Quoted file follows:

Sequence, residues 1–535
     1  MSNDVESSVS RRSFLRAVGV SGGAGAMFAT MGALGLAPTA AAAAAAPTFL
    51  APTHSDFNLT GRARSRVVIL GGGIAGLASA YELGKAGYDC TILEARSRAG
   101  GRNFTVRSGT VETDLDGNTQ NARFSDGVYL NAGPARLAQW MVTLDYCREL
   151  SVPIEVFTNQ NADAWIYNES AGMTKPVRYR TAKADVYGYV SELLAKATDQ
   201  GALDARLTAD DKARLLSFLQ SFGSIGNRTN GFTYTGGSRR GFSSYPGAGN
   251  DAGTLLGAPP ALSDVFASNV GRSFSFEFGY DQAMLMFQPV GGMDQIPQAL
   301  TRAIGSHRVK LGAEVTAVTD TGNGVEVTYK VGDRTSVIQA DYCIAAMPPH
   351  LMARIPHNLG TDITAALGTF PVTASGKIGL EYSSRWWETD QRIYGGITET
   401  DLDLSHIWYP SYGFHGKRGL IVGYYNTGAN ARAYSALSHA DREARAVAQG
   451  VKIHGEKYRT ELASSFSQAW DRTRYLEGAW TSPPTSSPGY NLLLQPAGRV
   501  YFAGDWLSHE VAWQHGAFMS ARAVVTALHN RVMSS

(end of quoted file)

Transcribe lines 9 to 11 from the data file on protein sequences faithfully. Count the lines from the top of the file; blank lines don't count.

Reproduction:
   351  LMARIPHNLG TDITAALGTF PVTASGKIGL EYSSRWWETD QRIYGGITET
   401  DLDLSHIWYP SYGFHGKRGL IVGYYNTGAN ARAYSALSHA DREARAVAQG
   451  VKIHGEKYRT ELASSFSQAW DRTRYLEGAW TSPPTSSPGY NLLLQPAGRV